A Valid PTSD Diagnosis
Although the scientific community currently accepts the diagnosis of post-traumatic stress disorder (PTSD), there is much debate surrounding this topic. The Journal of Traumatic Stress published a study in 2009 that explained how some researchers and clinicians believe the diagnosis meets the psychological needs of those exposed to trauma, while others question the validity of the diagnosis because it is thought to be strongly influenced by social constructs that have a tendency to pathologize common human experience.
Gender Disparity in Prevalence
An even bigger dispute arises when the mental health community debates the noticeable sex-related differences in the prevalence rates of PTSD. The fact that women are twice as likely as men to develop PTSD is generally accepted. However, opinions about why this might be are extremely varied, and there is a lack of consensus even within professions and disciplines. In 2006, The Psychological Bulletin published a quantitative review of 25 years of research regarding this matter, and some of their findings are seen as controversial. They were not in line with traditional views, which related higher rates of PTSD among women to their frequency of experiencing Potentially Traumatic Events (PTEs). Two of the major conclusions of the 2006 review were as follows:
1. Women and PTEs
For many years, it has been generally accepted that women experience more PTEs than men over the course of their lives. However, nowadays we know that this is not the case. In fact, men are more likely to experience a PTE during their lifetime, implying that the higher rates of PTSD reported in women are not due to a higher probability of being victimized.
2. Women and the Experience of Sexual Assault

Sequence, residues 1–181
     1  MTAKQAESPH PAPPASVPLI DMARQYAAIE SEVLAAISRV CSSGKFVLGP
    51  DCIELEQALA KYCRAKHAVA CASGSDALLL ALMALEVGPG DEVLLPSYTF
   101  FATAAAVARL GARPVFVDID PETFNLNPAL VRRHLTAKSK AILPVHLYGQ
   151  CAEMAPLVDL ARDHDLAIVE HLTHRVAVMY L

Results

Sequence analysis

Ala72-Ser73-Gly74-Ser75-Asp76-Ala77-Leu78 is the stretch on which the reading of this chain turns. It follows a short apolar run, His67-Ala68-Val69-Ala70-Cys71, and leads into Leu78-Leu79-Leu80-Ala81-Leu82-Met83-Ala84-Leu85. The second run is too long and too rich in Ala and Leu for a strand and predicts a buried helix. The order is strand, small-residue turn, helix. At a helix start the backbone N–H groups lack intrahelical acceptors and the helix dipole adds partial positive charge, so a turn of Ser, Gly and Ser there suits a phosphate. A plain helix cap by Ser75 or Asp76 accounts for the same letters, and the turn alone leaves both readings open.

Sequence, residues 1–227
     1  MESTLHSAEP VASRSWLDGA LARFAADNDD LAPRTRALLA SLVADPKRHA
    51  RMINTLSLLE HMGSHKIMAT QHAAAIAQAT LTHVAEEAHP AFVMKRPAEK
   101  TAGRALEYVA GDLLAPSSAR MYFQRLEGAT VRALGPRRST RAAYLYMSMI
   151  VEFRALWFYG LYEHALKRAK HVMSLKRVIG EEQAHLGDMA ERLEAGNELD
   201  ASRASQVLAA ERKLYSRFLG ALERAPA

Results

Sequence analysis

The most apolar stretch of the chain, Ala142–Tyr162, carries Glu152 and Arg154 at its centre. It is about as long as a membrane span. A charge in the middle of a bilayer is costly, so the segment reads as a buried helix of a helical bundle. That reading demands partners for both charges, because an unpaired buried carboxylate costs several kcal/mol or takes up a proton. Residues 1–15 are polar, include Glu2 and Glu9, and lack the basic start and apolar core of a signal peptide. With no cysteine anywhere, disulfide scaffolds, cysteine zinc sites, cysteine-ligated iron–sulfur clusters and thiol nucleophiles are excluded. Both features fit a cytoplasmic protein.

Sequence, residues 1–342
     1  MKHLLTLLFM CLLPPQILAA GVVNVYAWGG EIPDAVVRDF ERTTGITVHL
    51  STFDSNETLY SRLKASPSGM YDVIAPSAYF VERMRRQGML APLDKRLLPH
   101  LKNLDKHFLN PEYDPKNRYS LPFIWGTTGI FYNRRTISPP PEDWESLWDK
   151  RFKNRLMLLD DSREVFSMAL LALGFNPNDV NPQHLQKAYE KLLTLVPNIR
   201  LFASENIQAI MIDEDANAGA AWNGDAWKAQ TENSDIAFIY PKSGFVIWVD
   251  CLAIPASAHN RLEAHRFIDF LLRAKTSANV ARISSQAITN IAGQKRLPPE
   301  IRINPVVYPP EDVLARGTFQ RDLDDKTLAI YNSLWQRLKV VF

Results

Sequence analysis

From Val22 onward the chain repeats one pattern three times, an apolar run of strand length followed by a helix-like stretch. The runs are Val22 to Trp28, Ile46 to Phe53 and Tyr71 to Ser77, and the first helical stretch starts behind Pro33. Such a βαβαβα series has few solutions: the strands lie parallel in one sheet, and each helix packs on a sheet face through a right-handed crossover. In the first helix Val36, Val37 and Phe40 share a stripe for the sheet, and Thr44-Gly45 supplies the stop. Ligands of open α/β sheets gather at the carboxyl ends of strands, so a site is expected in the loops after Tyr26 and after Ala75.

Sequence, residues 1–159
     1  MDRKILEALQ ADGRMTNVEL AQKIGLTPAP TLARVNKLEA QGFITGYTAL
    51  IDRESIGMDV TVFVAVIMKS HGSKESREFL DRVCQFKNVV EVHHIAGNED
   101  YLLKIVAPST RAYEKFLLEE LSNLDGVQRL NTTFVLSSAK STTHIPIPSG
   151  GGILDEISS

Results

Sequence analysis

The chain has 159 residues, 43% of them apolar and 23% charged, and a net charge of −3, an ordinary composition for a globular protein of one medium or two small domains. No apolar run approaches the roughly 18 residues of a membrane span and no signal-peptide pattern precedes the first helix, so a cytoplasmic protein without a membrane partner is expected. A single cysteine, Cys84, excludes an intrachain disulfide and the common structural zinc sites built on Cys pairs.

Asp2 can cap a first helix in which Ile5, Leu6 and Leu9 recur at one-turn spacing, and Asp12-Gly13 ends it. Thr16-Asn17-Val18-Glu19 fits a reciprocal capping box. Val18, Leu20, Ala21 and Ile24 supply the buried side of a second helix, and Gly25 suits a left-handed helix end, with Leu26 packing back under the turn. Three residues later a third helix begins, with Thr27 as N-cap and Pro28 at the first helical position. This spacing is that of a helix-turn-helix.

Although women, in general, are not more likely than men to experience a PTE, they are, in fact, more likely to experience a PTE that falls within the category of sexual assault (e.g., rape or sexual abuse in childhood or adulthood). The quantitative review suggests that women show a higher prevalence of PTSD even if victims of sexual assaults are excluded when examining prevalence rates. Moreover, within the same PTE types, female participants were more likely to show symptoms of PTSD. This implies that the higher prevalence of PTSD in females cannot be attributed solely to their higher risk of experiencing a PTE such as sexual assault.
Exploring Reasons for Gender Differences
These new epidemiologic facts served as a springboard for new research looking at possible reasons for sex differences in the prevalence of PTSD. The upcoming blog discussion of PTSD in women will present findings of two studies conducted in 2011 that shed light on this matter.
Brewin, C. R., Lanius, R. A., Novac, A., Schnyder, U. & Galea, S. (2009). Reformulation of PTSD for DSM-V: Life after criterion A. Journal of Traumatic Stress, 22, 366-373.
Tolin, D. F., Foa, E. B. (2006). Sex differences in trauma and posttraumatic stress disorder: A quantitative review of 25 years of research. Psychological Bulletin, 132, 959-992.